The following describes the key features of Washington’s Domestic Violence Fatality Review (DVFR). Check out Resources for Fatality Reviews for more details on Washington’s DVFR model and for information on how to set up a review team in your community.
Washington’s DVFR model centers the experience of both victims and their communities. Instead of asking how well the systems performed their functions, review teams ask what did victims need and want? Review teams challenge themselves to think creatively about how to expand options for people marginalized by institutionalized bias, poverty, substance abuse, and limited English fluency. Reviews bring in victims’ voices through interviews with friends and family, and direct quotes from victims in public records. Domestic violence and other community based advocates play a central role in representing victims’ experience.
Review teams are made up of members of the community in which the victim lived and died. Typically organized by county or region, review teams bring together the people with direct knowledge of how each community, jurisdiction, system, and organization responds to domestic violence. Review team members bring knowledge of best practice within their own discipline, as well as critical insights about gaps between policy and practice.
The DVFR seeks to engage the whole community in taking responsibility to end domestic violence. Virtually all victims in reviewed cases reached out for help to friends, family, neighbors, or co-workers, but only half had contact with legal systems and social services. Review teams include representatives of domestic violence and sexual assault advocacy programs, the criminal and civil justice systems, domestic violence intervention providers, health care, mental health, child welfare, animal welfare, economic services, schools, local government, businesses leaders, churches and faith communities, grassroots community groups, and cultural organizations.
The purpose of the Domestic Violence Fatality Review is to understand how systems and communities are or are not effective in responding to domestic violence victims and abusers. Through deeply examining one individual victim’s experience, review teams bring to light how systems respond to all survivors and abusers. Analysis is focused on systems, not individual response. Fatality reviews are not investigations, and review teams do not seek to assign blame for a victim’s death. The goals of a fatality review are to:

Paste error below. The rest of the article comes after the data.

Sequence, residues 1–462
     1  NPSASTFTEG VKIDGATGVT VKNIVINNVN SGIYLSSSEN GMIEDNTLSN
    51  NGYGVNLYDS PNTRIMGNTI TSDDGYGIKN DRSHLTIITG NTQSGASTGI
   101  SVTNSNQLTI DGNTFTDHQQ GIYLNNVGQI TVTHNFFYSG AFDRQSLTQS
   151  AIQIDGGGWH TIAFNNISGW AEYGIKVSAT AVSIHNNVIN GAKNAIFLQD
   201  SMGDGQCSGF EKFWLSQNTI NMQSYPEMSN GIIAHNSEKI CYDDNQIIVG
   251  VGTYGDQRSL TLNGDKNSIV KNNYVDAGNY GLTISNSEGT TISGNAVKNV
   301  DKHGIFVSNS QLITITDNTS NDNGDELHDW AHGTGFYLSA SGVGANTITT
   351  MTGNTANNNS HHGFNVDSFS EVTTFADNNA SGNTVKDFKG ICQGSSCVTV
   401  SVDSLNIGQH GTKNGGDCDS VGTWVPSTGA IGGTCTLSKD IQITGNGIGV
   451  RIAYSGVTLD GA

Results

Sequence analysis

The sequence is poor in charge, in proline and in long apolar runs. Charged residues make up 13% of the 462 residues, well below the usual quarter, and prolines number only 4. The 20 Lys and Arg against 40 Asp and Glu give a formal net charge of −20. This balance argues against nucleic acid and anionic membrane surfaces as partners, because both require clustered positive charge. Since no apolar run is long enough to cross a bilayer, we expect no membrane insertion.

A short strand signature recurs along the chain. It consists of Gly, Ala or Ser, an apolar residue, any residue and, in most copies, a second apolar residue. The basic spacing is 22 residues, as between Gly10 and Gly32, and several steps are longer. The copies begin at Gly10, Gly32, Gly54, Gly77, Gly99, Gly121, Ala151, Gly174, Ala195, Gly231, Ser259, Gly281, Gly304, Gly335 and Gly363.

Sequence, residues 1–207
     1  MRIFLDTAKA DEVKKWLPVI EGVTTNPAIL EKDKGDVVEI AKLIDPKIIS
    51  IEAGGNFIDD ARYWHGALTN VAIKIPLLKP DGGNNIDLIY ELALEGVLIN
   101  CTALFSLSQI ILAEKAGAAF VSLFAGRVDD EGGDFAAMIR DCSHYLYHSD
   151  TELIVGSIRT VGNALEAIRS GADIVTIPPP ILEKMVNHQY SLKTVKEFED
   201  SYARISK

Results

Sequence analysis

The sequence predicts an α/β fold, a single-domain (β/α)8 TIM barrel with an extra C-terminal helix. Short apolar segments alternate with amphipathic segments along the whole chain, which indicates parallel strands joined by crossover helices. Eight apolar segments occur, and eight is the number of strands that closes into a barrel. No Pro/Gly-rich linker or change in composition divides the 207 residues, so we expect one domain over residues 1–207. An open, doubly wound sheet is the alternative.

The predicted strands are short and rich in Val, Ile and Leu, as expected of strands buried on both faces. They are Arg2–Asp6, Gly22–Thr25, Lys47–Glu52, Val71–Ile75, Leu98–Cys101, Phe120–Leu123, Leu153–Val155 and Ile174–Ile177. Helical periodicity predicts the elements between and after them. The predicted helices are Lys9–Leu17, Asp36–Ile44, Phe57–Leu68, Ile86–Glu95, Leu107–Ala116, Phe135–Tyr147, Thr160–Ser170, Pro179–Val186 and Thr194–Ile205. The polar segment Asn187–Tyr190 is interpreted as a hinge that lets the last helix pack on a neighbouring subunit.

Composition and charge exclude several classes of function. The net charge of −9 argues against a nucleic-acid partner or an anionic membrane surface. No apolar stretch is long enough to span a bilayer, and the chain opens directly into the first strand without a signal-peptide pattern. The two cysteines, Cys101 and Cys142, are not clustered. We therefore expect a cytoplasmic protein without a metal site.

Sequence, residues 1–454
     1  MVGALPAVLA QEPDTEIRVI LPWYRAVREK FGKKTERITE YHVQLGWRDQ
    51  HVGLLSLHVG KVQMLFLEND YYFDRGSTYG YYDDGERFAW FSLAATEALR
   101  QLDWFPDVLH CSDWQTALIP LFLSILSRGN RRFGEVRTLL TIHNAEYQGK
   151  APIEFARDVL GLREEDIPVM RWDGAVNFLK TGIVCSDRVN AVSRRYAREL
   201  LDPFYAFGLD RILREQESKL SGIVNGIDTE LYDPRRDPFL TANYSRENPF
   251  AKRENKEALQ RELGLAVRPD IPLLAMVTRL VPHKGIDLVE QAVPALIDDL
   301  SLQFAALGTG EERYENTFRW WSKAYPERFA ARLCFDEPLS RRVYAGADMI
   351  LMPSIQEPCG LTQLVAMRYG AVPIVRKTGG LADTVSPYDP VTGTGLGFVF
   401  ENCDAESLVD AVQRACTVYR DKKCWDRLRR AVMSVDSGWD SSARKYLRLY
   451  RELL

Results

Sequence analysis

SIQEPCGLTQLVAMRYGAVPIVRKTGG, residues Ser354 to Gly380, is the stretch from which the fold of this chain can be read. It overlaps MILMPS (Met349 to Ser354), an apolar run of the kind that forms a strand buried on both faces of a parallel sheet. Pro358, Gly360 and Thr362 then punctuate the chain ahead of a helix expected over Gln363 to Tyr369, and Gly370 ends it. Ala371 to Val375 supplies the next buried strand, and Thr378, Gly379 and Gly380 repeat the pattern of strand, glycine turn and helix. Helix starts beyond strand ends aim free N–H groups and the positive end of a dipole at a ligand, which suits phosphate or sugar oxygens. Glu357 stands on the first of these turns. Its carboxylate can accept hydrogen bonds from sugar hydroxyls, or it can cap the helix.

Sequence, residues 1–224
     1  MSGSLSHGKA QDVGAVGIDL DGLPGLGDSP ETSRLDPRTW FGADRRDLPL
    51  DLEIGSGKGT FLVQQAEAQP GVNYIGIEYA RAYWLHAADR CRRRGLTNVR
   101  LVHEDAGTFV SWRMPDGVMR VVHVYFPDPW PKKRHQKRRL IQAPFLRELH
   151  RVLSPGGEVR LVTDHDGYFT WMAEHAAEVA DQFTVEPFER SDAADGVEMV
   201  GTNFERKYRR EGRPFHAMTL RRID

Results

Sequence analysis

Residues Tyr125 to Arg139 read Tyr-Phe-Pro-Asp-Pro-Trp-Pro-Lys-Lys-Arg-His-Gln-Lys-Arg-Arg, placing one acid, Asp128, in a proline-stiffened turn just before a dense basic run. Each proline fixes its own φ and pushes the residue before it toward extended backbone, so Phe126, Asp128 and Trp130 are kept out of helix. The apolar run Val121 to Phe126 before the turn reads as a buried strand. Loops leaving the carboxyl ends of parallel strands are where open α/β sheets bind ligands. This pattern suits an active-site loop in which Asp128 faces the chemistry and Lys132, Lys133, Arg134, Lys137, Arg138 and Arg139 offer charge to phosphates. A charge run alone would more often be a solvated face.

- identify barriers to safety and justice for all survivors;
- identify how institutional incentives discourage or encourage an excellent response to domestic violence;
- identify gaps in training, policy, practice, resources, communication, and collaboration;
- think creatively about how the work or policies of agencies may need to change.
Attention to marginalized communities
Victims in marginalized communities face massive, systemic barriers to accessing mainstream interventions and are disproportionately at risk for domestic violence homicide. Washington’s DVFR model centers the experience of both victims and their communities in teams’ analysis of how the community meets victims’ needs and holds abusers accountable. In-depth fatality reviews have documented lack of language access, lack of culturally appropriate and relevant services, lack of coordination and collaboration between culturally specific organizations and mainstream providers, historic and institutionalized racism and homophobia, and racially disproportionate poverty that limits victims’ options for safety.
Focused on prevention
Even an excellent system response is not a solution to domestic violence. The fatality review process looks at what conditions led up to domestic violence homicides and murder-suicides. Fatality reviews show us that these events are not unpredictable, isolated tragedies. Review teams look for patterns, and uncover roots of violence. Beyond how the murder itself could have been prevented, review teams ask what could have stopped the violence before it started? What conditions shaped the victim’s options? Where were there opportunities to change the abuser’s behavior? Very often the answers are not individual, but point to systemic change. Focus on prevention and early intervention is especially important in African American, Native, and immigrant and refugee communities affected by disproportionate incarceration and child welfare involvement, inter-generational and historical trauma.
In addition to in-depth case reviews, the Fatality Review project collects data on all domestic violence related homicide and suicide deaths in Washington State. Our definition of a domestic violence fatality is specific to intimate partner violence, and includes: homicides by any current or former intimate partner; friends, family, new partners, or police officers killed by abusers in the context of intimate partner abuse; abusers killed by victims, police, or someone intervening; and suicides of abusers following a domestic violence homicide or assault. The Fatality Review is the only source of data about domestic violence deaths that are left out of state and national crime statistics, such as abuser suicides.
The DVFR combines information about domestic violence fatalities with other statewide data sources including death certificates, court records, census data, and more to produce rich analysis on a wide range of issues. Examples of our research and data analysis include: the connection between domestic violence history and suicide; disproportionate rates of domestic violence homicide by race; domestic violence homicide victims’ use of child support enforcement; and pregnancy rates among victims killed by intimate partners.